Texas Gov. Rick Perry (R-TX) — who was easily reelected last week — has consistently said that he does not support enacting an Arizona-style immigration law in Texas. “I fully recognize and support a state’s right and obligation to protect its citizens, but I have concerns with portions of the law passed in Arizona and believe it would not be the right direction for Texas,” Perry said in a statement shortly after Arizona Gov. Jan Brewer (R) signed off on SB-1070.
Others have suggested that since the Latino electorate in Texas is much larger and more empowered than its counterpart in Arizona, Texas lawmakers won’t be emboldened to pursue legislation that such a large segment of voters oppose.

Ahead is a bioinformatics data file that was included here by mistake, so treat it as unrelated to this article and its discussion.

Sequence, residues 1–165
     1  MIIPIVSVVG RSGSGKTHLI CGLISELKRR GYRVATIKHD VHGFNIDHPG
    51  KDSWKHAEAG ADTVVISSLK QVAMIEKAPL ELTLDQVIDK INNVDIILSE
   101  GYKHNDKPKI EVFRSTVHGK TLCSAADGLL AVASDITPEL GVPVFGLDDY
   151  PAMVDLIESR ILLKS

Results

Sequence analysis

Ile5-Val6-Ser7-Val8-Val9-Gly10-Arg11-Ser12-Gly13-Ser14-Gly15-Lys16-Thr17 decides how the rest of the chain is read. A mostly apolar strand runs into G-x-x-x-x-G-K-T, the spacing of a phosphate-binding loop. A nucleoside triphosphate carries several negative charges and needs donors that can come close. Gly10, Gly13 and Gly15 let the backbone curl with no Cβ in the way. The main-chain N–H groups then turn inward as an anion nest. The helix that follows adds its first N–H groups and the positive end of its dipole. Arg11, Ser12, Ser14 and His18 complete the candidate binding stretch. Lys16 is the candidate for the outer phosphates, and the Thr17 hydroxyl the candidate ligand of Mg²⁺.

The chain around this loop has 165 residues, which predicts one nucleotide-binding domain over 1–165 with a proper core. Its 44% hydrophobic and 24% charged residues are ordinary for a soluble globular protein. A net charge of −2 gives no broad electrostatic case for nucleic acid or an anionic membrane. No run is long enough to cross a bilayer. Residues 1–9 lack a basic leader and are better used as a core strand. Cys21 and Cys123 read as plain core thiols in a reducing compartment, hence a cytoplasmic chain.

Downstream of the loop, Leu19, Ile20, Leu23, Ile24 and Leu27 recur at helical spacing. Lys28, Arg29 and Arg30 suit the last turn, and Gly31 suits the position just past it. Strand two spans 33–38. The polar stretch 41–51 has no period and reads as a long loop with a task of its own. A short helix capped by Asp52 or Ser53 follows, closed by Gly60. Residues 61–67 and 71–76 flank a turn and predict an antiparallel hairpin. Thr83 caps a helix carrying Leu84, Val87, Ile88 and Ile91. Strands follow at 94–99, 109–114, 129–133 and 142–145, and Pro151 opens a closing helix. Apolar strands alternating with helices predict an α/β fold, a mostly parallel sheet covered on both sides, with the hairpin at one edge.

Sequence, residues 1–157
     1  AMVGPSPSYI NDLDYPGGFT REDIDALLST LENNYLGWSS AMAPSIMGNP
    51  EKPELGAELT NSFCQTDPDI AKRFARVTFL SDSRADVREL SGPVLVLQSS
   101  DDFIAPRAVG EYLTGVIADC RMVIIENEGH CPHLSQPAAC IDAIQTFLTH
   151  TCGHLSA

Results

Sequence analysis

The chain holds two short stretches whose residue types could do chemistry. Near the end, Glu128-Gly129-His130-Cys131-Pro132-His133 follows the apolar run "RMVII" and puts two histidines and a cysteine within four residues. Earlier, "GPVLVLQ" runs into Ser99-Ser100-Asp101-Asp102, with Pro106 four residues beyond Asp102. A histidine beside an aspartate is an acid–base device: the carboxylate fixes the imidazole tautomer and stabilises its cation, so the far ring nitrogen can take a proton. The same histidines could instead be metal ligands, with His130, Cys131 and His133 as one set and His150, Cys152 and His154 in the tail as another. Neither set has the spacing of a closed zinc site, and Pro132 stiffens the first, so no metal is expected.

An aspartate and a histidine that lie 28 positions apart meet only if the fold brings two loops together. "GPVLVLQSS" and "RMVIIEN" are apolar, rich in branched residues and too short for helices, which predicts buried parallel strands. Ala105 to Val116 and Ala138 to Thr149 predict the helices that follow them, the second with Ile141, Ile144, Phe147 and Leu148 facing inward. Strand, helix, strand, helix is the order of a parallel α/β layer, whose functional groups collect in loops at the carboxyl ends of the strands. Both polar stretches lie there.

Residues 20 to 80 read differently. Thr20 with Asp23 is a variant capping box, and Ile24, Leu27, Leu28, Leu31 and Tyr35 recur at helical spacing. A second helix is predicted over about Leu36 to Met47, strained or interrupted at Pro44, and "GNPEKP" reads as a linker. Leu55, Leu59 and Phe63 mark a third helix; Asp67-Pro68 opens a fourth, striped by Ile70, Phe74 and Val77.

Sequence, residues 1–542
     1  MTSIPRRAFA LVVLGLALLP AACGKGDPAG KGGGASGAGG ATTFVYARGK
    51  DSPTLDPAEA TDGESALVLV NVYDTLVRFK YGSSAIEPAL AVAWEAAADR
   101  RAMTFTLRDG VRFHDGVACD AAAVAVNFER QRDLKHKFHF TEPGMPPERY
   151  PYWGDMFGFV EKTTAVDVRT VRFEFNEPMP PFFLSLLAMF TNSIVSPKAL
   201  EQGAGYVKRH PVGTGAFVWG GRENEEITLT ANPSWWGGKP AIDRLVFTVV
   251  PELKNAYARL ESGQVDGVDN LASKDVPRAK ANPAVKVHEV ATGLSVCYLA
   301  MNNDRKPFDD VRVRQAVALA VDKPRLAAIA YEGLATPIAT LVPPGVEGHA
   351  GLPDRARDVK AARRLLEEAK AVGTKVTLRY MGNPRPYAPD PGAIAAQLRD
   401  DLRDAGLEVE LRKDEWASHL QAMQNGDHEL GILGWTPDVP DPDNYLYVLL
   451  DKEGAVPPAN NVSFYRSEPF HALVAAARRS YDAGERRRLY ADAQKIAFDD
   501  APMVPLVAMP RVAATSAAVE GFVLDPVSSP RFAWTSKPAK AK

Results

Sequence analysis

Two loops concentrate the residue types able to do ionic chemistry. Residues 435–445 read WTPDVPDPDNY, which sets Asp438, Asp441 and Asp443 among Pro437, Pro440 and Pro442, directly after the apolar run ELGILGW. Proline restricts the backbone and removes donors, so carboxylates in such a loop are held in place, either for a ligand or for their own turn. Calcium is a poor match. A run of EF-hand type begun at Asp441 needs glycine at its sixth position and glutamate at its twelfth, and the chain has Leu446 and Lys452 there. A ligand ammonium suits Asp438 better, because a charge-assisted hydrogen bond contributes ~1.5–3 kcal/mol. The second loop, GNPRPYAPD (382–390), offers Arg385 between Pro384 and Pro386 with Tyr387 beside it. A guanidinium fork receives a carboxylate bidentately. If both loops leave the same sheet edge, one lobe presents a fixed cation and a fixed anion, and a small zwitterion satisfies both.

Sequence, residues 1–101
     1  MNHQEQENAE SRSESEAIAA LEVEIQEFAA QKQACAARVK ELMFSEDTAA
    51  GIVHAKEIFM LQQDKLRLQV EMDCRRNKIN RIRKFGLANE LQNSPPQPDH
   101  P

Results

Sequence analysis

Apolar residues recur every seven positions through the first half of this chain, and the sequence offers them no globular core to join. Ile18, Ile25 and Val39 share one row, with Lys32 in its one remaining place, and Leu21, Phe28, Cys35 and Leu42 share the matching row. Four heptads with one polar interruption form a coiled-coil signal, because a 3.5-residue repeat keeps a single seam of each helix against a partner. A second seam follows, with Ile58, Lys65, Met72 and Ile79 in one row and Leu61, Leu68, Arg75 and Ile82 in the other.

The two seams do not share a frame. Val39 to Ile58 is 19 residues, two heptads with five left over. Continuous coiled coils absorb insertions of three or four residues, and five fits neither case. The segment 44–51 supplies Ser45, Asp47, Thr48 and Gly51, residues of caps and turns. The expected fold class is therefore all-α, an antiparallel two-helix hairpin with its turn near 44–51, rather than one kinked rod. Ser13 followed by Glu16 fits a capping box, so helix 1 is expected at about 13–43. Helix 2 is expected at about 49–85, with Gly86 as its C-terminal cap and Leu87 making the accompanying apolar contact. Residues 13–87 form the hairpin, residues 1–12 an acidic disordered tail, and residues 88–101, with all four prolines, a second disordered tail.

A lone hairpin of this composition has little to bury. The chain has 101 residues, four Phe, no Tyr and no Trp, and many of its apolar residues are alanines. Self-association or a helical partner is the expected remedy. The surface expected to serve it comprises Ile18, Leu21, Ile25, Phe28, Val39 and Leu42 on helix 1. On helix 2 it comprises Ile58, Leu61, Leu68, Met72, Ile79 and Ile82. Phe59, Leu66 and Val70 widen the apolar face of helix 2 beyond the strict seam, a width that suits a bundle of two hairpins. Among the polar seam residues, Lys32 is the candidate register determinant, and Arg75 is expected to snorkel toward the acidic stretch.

However, the possibility of Texas enacting an immigration law like Arizona’s is certainly not beyond the realm of possibility.
Texas Latinos may oppose an Arizona-style law, but 57 percent of Texans support it.
For their part, Texas Republicans seem united in support of Riddle’s initiative. This past June, over 8,000 Republican delegates and alternates from Texas approved a GOP blueprint that prioritizes enacting Arizona-like immigration laws in their state. It doesn’t help that Texas Republicans appear to be just one seat short of a supermajority which would allow them to override vetoes and make constitutional amendments without input from the Democrats. That means just one conservative Democrat could help make Riddle’s bill law. (And those kinds of Democrats definitely exist.)